One such work with a circus theme, which Grooms painted at 14, earned for him a gold key in a Scholastic art awards program. As BMAC hosts Scholastic awards each year, Williams says she is particularly thrilled to include this seminal, and inspiring, piece in the show.

Grooms’ lifelong love of the circus seems to have been kindled when he was a boy growing up in Nashville. The porch of his grandmother’s house sat on the route the Ringling Bros. and Barnum & Bailey Circus took when coming into town. He recalls the thrill of running from school to his grandmother’s house, eager to sit out on the porch in time to watch wonders parade before him. The impression was indelible.

In addition to his circus pieces, Grooms is well known for “Ruckus Manhattan,” an installation featuring scenes of New York City life that invite the viewer to enter and find their way through multiple layers of meaning. This is a prime example of what Williams calls the artist’s “story-telling propensity”: “It’s not just an eye thing,” Williams says.

Credit BMAC with a coup for exhibiting Grooms’ “The Bus,” a nearly life-size recreation of a New York City bus, complete with passengers. One may actually step board it, and therein wait surprises. “The Bus,” which Marlborough Gallery first showed in 1995, is large, at 21 feet by 9 feet.

The show will also include the large elephant sculpture, “Jumbo,” made of enamel-painted aluminum.

Grooms infuses all his work with humor. It’s as though the human race were being observed by a very bemused, benign, and loving all-seeing Eye. There seems to be no judgment — the awful, the ugly, the common, the alluring — all are shown in a cacophonous mix of energy.

And while the colors, the lively drawing, the recognizable thing-ness of it will delight children, Grooms admits to “grand themes” behind the pieces that have moved adults. His daughter Saskia recounts asking her father if there was any underlying meaning to a section of Ruckus Manhattan that included unclothed people getting on and off a bus. She said she was amazed he described it as representing “the transition between heaven and hell.”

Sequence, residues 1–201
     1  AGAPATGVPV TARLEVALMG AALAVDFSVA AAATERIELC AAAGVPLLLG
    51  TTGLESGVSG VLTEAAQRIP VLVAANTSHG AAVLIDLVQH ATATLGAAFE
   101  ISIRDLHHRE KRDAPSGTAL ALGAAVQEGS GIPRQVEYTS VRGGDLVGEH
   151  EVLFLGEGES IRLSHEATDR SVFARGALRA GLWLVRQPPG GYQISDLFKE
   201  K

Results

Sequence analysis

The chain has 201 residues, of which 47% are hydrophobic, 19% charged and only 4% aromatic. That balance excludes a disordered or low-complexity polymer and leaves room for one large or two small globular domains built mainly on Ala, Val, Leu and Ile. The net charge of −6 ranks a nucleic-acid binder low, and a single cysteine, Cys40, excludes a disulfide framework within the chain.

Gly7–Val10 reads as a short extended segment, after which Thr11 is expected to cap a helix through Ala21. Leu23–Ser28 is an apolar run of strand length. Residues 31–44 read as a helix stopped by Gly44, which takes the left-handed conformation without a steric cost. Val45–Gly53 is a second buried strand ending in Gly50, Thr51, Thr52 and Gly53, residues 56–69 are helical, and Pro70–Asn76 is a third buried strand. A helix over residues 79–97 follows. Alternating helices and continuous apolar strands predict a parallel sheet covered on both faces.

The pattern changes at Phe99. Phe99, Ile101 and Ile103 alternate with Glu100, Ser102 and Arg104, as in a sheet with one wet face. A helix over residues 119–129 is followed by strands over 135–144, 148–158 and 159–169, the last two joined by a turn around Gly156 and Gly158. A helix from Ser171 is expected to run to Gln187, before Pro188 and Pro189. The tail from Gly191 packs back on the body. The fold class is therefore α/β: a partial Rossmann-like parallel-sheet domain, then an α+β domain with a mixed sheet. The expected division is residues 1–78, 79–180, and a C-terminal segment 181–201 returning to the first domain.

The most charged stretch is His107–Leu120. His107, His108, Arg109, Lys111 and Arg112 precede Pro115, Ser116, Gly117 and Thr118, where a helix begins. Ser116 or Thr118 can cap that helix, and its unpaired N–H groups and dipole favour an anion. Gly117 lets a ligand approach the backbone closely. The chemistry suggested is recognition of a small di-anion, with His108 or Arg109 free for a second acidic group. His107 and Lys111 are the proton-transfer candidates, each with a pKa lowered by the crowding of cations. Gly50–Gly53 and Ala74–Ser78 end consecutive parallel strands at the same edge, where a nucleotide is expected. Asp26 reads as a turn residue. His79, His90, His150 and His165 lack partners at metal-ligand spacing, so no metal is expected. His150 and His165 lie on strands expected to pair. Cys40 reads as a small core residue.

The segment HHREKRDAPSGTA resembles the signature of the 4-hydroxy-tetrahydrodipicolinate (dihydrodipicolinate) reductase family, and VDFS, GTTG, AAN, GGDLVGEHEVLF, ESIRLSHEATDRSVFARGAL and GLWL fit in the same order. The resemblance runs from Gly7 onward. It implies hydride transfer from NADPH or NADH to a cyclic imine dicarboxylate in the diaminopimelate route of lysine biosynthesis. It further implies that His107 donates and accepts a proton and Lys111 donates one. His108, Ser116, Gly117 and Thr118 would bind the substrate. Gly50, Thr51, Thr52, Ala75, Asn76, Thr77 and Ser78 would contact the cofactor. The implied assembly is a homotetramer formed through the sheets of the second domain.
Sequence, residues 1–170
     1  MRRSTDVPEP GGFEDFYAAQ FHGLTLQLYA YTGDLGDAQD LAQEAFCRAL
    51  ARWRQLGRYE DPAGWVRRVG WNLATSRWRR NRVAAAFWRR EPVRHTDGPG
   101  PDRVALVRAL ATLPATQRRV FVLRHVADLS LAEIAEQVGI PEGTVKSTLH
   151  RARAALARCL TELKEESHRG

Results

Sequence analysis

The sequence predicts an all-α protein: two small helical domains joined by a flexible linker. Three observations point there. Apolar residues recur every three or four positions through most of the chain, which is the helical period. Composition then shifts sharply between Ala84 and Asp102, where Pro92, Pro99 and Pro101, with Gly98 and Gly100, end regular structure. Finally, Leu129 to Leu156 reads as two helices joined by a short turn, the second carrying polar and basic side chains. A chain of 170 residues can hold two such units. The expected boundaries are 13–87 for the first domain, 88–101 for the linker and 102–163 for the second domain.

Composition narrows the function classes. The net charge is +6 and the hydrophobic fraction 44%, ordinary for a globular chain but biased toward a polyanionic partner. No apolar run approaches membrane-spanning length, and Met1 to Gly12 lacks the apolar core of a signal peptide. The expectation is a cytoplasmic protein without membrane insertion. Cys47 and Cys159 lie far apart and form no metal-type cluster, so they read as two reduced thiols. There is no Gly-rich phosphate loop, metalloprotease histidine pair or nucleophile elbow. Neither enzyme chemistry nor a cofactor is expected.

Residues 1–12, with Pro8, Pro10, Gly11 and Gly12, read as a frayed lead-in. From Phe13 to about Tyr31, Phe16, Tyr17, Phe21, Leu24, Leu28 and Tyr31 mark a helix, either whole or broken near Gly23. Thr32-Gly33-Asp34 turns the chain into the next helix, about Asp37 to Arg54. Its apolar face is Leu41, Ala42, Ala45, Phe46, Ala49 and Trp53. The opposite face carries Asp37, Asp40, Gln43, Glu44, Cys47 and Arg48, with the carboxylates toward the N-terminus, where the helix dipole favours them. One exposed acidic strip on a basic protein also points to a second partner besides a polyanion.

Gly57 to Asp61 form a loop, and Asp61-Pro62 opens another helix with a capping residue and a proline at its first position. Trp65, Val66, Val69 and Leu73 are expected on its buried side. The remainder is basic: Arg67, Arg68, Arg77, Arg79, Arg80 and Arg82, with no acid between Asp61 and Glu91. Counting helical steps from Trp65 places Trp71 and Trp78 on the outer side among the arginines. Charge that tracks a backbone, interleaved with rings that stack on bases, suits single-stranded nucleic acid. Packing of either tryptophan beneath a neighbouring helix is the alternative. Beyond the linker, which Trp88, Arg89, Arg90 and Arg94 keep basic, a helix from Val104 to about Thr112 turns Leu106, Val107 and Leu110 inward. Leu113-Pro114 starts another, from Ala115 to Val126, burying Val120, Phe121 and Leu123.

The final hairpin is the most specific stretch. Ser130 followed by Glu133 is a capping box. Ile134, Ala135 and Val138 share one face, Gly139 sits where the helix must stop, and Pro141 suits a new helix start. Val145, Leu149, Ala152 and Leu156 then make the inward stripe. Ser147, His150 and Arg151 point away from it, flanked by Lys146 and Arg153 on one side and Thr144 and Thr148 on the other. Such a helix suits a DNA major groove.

To The New York Times’ late art critic Grace Glueck, he explained, “My work is about exits and entrances.”

Grooms knew many of the scions of the art world, and he’s made a series of their portraits, starting in the early 2000s. These too will be part of “What’s the Ruckus?”

Relief sculptures, with layers that include an example of the artist’s work, reveal that Grooms is an artist intimately in touch with art’s history and its importance, and suggest he has pondered his place in it.

Some art forms and artists are important because of their place in art history. But I’m happy to see Grooms’ art as having a life quite apart from such history — as entertainment, say, and in bringing a giddiness to the soul. If one must fit him into a historical context, let’s start the conversation here: His work helped to throw wide open the whole of what may rightfully be termed “art.”

Happily, neither Grooms as an artist, nor the larger world of art-making, has settled down since he discovered he had something to say, and invited us along for the ride in the telling.